Autumn is my favourite season because it has a lot to offer – the changing colours in tree foliage, the early sunset you see on your commute home, the pumpkin spice latte available at every coffee shop, the Halloween candies to binge on and much much more. And like a plentiful autumn, October’s App of the Month offers an abundance of information to the public.
For October’s App of the Month, we look at Planning Information Hub, a story map created by City of Mississauga’s Planning and Building Department. We featured this app in a previous blog post when it was released a few years ago, highlighting the City’s effective use of the classic Esri Story Maps for organizing and sharing information and engaging their city planning community. Since then, the City has enhanced the app to include a 3D model of Mississauga.
With computers widely accessible to compute and visualize data at record speed, the trend in recent years is to turn 2D data into 3D. You can see that happening with the rise in augmented reality games, which offer a simulation of real-life environments. 3D visuals are great for presenting an idea because they deliver greater impact with more accurate and “true to life” measurements. Modelling in 3D also aids in driving more informed decisions faster.
These are the reasons why Mississauga created a 3D massing model of the city as part of its 3D Visualization Strategy. It was essential to include a 3D model in the Planning Information Hub to provide decision support and help engage the community in various planning projects.
When you first open the link to the Planning Information Hub, the first thing you’ll see is the impressive 3D model of the City of Mississauga. Upon further researching on the title “3D Massing Model” (since I am not an architect or planner), I learned that the purpose of a massing model is to provide the sense of space between buildings to help give perspective to planners. Previously, physical structures/models needed to be built for planners, but with technology advancements, the focus has shifted to digital modelling.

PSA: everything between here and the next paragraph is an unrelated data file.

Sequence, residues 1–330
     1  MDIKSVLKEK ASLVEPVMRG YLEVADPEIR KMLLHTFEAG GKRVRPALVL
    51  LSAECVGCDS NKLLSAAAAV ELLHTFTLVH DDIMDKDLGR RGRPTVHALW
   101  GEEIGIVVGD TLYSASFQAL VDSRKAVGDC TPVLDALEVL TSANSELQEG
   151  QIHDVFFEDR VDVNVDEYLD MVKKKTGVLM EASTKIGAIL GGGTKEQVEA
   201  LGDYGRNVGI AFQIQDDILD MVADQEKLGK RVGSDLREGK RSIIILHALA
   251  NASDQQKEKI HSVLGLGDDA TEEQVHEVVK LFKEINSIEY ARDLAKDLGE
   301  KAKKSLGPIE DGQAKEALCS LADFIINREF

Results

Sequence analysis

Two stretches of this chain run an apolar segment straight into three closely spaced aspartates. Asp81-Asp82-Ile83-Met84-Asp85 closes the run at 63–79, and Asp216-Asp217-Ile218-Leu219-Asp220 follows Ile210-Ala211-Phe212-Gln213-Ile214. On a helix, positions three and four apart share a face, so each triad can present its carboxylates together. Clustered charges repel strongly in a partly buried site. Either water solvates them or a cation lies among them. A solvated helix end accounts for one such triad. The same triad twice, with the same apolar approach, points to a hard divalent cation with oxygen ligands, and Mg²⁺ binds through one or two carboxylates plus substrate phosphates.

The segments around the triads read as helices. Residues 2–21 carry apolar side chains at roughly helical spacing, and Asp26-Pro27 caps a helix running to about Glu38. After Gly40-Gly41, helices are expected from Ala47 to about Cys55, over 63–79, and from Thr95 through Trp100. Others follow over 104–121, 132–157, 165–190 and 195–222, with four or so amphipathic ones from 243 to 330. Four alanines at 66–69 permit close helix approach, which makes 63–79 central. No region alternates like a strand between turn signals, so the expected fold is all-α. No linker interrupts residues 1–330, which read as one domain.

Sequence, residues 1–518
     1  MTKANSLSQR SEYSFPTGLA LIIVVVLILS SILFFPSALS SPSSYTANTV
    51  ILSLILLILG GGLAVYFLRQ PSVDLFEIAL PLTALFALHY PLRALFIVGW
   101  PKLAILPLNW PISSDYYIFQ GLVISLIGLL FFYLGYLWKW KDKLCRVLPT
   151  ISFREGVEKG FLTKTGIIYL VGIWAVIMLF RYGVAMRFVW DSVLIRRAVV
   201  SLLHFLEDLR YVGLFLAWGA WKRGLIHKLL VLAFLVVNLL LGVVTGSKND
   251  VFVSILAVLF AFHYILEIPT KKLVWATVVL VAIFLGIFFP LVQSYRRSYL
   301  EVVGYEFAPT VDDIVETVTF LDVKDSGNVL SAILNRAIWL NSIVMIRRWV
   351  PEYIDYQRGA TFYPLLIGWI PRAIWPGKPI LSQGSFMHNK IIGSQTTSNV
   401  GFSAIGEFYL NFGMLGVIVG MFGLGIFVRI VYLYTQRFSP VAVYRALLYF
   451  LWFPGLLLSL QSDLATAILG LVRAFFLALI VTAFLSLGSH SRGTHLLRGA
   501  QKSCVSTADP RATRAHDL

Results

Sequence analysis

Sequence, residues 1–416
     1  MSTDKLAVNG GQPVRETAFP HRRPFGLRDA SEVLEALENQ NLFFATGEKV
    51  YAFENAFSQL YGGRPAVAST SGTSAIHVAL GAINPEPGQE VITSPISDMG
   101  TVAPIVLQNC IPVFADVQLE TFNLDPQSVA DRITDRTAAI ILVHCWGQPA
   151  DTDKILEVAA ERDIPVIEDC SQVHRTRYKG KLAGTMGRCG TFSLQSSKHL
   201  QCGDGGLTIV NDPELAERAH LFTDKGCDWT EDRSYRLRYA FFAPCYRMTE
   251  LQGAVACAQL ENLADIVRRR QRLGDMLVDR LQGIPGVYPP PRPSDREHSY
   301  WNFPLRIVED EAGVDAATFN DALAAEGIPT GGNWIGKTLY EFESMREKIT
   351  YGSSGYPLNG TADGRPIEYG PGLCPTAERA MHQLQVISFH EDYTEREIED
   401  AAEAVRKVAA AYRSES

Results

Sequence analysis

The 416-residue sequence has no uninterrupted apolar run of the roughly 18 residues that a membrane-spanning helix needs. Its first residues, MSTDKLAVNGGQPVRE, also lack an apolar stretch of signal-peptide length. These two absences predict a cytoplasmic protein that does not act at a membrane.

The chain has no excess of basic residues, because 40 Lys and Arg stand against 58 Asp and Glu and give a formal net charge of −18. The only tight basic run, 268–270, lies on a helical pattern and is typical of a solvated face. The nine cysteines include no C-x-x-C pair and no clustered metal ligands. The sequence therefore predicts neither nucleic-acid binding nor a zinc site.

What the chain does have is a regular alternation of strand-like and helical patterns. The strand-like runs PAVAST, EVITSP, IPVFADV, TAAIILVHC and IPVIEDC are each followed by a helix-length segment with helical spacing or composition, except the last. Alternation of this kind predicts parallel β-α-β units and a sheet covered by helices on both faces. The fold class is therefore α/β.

There are several Esri applications you can build 3D models with. The 3D model in this story map is displayed using ArcGIS Scene Viewer, which allows you to share interactive 3D content with your colleagues or with the public. In Scene Viewer, you can also add a narrative to the views and clips of your 3D model.
Mississauga’s 3D model was built using Esri CityEngine. According to Steve Czajka, manager of the Data + Visualization Studio in the City’s Planning and Building Department, “It was easy to generate and develop 150,000 building structures using CityEngine.”
Building a 3D model is not rocket science, majority of the time is spent on capturing the data. The workflow to build this 3D model began with capturing orthoimages then sketching 2D building outlines. Once that was completed, it was brought into CityEngine where the height of the model, as well as the details of the building, were established. The model is very detailed, as you can see in the Absolute World Towers, also popularly known as the “Marilyn Monroe Towers”.
To learn more about building 3D models, I recommend watching this recorded webinar on Urban Modelling with CityEngine. You can also read this cool case study (one of my favourites!) in which CityEngine was used to help build a virtual world for the Walt Disney film Zootopia.
Mississauga’s population has grown by 8,156 people between 2011 and 2016 (Statistics Canada) to 721,599 residents. With continued population growth, there’s increasing demand for the City to share more and better quality information. The classic Esri Story Maps and the new ArcGIS StoryMaps are the perfect tools for sharing information on planning projects with the community. These tools allow you to display simulations of various planning scenarios.
Steve recalls the positive feedback they received when the Planning Information Hub was introduced, “Our planning consultants were shocked by the accessibility of the tool and the capabilities it provides to help them make informed decisions.” Regarding creating the app, he shares, “It does take time to test and develop the app, so having a well-documented workflow is key.”
Although I’ve focused this blog post on the 3D Massing Model, I encourage you too see the other components of the Planning Information Hub. It’s a good example of how Esri’s storytelling tools can be used to compile large amounts of information efficiently while providing end users with great flexibility for using the data. More importantly, it’s an effective demonstration of how cities such as Mississauga are becoming “smarter” and leveraging the data and tools they have to provide all the necessary information for their community to grow.